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(1991). Isolation and characterization of yeast artificial chromosome clones linking the HLA-B and HLA-C loci. (1987). Cloning of large segments of exogenous DNA into yeast by means of artificial chromosome vectors. (1991). Rescue of end fragments of yeast artificial chromosomes by homologous recombination in yeast. (1991). Alu-primed polymerase chain(More)
The GCS1 gene of the budding yeast Saccharomyces cerevisiae mediate the resumption of cell proliferation from the starved, stationary-phase state. Here we identify yeast genes that, in increased dosages, overcome the growth defect of gcs1 delta mutant cells. Among these are YCK1 (CK12) and YCK2 (CKI1), encoding membrane-associated casein kinase I, and YCK3,(More)
BACKGROUND Phosphorylation by protein kinases is an important general mechanism for controlling intracellular processes, and plays an essential part in the signal transduction pathways that regulate cell growth in response to extracellular signals. A great number of protein kinases have been discovered, and the identification of their biological targets is(More)
UNLABELLED Eukaryotic cells respond to DNA damage and S phase replication blocks by arresting cell-cycle progression through the DNA structure checkpoint pathways. In Schizosaccharomyces pombe, the Chk1 kinase is essential for mitotic arrest and is phosphorylated after DNA damage. During S phase, the Cds1 kinase is activated in response to DNA damage and(More)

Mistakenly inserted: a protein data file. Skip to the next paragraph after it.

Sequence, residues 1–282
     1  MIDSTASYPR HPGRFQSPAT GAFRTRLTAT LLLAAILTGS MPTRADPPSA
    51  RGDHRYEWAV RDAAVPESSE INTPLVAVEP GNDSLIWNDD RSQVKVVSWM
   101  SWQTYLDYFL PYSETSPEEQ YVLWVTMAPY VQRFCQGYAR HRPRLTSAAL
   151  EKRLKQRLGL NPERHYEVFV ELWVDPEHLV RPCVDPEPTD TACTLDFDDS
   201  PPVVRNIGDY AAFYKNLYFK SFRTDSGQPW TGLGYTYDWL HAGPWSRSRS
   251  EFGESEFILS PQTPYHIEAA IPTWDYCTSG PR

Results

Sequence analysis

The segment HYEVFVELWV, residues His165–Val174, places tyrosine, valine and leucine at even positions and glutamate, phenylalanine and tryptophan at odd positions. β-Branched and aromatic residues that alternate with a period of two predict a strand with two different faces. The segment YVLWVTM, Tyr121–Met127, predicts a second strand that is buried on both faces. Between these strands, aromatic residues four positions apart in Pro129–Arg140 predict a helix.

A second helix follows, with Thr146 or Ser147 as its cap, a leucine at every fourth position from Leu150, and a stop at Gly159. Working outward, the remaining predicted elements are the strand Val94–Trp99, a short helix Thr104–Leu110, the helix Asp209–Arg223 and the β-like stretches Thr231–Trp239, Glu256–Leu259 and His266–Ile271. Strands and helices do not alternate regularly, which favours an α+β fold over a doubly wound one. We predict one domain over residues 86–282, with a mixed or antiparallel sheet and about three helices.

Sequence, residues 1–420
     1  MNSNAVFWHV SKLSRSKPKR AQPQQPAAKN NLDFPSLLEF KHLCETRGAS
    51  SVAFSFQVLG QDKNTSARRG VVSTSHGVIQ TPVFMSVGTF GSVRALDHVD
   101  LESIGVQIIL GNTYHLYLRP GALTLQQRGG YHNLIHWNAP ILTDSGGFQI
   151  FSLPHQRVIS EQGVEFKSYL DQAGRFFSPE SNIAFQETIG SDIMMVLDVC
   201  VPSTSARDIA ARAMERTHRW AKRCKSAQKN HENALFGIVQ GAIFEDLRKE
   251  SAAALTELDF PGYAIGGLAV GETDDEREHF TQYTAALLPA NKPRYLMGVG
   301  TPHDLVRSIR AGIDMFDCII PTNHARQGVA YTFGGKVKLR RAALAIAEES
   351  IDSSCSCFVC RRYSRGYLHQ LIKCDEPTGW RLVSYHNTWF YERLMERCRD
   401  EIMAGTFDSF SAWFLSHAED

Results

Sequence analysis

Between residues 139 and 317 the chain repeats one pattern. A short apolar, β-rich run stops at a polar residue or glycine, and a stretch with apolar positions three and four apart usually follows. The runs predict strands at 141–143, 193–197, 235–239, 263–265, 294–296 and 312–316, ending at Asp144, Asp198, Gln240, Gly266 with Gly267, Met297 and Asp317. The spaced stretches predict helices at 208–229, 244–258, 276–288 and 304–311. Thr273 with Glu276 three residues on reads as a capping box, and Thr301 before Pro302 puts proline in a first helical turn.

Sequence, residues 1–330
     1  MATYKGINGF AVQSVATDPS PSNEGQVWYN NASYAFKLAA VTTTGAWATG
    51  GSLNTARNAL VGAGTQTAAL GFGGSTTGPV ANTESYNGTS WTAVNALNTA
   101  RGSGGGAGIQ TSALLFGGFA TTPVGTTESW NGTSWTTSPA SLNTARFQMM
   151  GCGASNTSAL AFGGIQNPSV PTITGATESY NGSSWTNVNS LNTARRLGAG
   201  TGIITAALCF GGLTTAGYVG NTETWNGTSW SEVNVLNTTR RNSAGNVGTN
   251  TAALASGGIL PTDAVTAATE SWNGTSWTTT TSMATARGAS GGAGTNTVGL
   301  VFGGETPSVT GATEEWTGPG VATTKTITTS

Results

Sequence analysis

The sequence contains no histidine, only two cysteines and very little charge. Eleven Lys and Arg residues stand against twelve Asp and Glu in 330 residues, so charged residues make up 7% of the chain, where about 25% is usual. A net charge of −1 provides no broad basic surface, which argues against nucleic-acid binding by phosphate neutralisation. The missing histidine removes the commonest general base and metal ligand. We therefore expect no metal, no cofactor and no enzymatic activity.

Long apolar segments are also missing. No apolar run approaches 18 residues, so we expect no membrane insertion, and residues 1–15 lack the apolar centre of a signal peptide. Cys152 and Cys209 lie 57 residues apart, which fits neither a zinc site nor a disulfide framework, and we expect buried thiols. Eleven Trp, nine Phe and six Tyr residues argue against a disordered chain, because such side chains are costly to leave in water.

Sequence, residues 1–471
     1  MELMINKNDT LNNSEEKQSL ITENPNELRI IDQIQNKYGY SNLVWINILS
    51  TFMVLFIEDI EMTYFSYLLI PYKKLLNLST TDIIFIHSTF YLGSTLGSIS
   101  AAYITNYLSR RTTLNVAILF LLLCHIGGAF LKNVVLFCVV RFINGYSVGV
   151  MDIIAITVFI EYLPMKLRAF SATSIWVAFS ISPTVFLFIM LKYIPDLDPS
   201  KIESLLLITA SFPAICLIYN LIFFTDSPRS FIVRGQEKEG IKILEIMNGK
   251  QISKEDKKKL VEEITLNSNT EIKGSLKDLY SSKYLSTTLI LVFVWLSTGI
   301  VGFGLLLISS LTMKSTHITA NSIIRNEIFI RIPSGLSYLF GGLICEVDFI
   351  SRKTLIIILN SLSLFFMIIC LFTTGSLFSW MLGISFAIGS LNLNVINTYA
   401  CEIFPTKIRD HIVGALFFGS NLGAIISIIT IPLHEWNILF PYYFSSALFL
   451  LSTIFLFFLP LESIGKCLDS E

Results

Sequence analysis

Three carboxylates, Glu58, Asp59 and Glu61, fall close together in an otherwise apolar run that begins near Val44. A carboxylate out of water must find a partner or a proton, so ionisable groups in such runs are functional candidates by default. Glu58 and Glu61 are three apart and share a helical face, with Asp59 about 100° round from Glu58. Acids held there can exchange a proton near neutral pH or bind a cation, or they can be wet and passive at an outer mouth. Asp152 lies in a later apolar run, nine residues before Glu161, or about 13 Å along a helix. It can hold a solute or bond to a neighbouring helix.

Alzheimer's Disease (AD) is a progressive neurodegenerative disorder involving select neurons of the hippocampus, neocortex, and other regions of the brain. Markers of end stage disease include fibrillar lesions, which accumulate hyperphosphorylated tau protein polymerized into filaments, and granulovacuolar lesions, which appear primarily within the(More)
BACKGROUND Checkpoint pathways prevent cell-cycle progression in the event of DNA lesions. Checkpoints are well defined in mitosis, where lesions can be the result of extrinsic damage, and they are critical in meiosis, where DNA breaks are a programmed step in meiotic recombination. In mitotic yeast cells, the Chk1 protein couples DNA repair to the(More)
In simple eukaryotes, protein kinases regulate mitotic and meiotic cell cycles, the response to polypeptide pheromones, and the initiation of nuclear DNA synthesis. The protein HRR25 from the budding yeast Saccharomyces cerevisiae was defined by the mutation hrr25-1. This mutation resulted in sensitivity to continuous expression of the HO double-strand(More)
The protein kinase activity tightly associated with paired helical filaments (PHFs) purified from the brain tissue of individuals with Alzheimer's disease has been characterized in vitro. The activity is shown to phosphorylate casein, an exogenous substrate, with a maximal velocity of approximately 2 nmol/min/mg, suggesting it comprises a significant(More)
Targeting of protein kinases and phosphatases provides additional specificity to substrate selectivity in cellular signaling. In the case of the Ca2+/calmodulin-dependent protein phosphatase calcineurin, AKAP79 has been shown to bind calcineurin and inhibit its activity in vitro (Coghlan, V., Perrino, B. A., Howard, M., Langeberg, L. K., Hicks, J. B.,(More)
We have examined the activity and substrate specificity of the Saccharomyces cerevisiae Hrr25p and the Schizosaccharomyces pombe Hhp1, Hhp2, and Cki1 protein kinase isoforms. These four gene products are isotypes of casein kinase I (CKI), and the sequence of these protein kinases predicts that they are protein serine/threonine kinases. However, each of(More)